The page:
Genres: Queer Protagonists, Sci Fi
Representation: QBIPOC cast
PoV: First-person, past-tense, multiple PoVs
By the middle of the twenty-first century, war, famine, economic collapse, and climate catastrophe had toppled the world's governments. In the 2050s, the insurrections reached the nerve center of global capitalism—New York City. This book, a collection of interviews with the people who made the revolution, was published to mark the twentieth anniversary of the New York Commune, a radically new social order forged in the ashes of capitalist collapse.
Here is the insurrection in the words of the people who made it, a cast as diverse as the city itself. Nurses, sex workers, antifascist militants, and survivors of all stripes recall the collapse of life as they knew it and the emergence of a collective alternative. Their stories, delivered in deeply human fashion, together outline how ordinary people's efforts to survive in the face of crisis contain the seeds of a new world.
~sex workers start the revolution
~DJs keep it going
~think communism like ‘commune’ not ‘communist’
~a detailed breakdown of breaking down the system
~a future I can believe in
This is a book I need everyone to know about.
The ‘conceit’ is this: after decades of climate disaster, war, and economic collapse, capitalism was torn down, and the way of the commune took its place. No two communes anywhere in the world are identical, but they broadly share the same philosophy: everything for everyone. The world is not perfect, but it’s pretty close in a lot of ways, making it more important than ever that new generations not repeat the mistakes of the past – and understand how their present was made.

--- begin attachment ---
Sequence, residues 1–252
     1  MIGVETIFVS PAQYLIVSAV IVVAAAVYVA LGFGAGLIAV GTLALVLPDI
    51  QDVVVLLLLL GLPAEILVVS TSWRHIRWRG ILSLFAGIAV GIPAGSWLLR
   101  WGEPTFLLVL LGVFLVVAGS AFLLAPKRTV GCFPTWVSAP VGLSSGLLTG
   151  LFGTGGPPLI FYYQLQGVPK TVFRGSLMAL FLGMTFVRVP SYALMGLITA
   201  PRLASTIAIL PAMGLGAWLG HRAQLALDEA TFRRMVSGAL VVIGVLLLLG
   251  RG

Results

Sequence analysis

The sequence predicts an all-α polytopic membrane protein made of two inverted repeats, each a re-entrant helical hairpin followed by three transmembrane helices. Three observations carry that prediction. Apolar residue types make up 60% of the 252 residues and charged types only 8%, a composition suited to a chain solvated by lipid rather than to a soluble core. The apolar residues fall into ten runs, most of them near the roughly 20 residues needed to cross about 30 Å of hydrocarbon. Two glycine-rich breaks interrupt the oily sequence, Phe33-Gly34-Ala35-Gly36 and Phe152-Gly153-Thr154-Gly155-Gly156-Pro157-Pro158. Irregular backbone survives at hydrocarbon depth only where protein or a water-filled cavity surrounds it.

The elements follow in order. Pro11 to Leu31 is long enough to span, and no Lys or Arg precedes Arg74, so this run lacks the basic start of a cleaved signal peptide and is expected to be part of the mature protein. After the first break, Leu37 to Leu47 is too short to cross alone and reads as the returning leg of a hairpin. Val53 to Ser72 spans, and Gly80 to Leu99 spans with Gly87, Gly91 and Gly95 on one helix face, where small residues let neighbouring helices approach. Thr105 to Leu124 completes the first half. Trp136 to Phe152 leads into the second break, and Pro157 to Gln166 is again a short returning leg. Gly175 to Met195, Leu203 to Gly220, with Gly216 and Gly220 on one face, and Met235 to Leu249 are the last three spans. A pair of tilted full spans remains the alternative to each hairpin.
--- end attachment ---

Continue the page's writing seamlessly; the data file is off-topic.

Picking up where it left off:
Thus, in 2072, O’Brien and Abdelhadi put together a collection of interviews, comprised of the stories of those who were there to burn the old world down, those who were a part of building the new world, and those who reflect on how far they’ve all come and where humanity might yet go.
I don’t use the word inspiring very often, but no other term can do Everything For Everyone justice: reading this book was like coming up for air, a fresh and undiluted draught of bright and bittersweet hope brought to parched lips. And it’s not (just) because the future O’Brien and Abdelhadi envision is so utopic; it’s the fact that they take a real, hard look at what it might take to get us there.
No fiction I’ve ever read has really broken down and examined what The Revolution looks like. Stories always seem to be set before or after the heroes go to war against the old system – sometimes just before, or just after, but the fight itself is always glossed over. And I do understand that! It’s much easier to imagine a better world than it is figuring out how to actually build one – but that’s exactly what makes Everything For Everyone so important.
It’s a detailed roadmap of what the path to one version of a better future might look like, and it’s the first one I’ve ever had.
This book is a real, working shield against despair.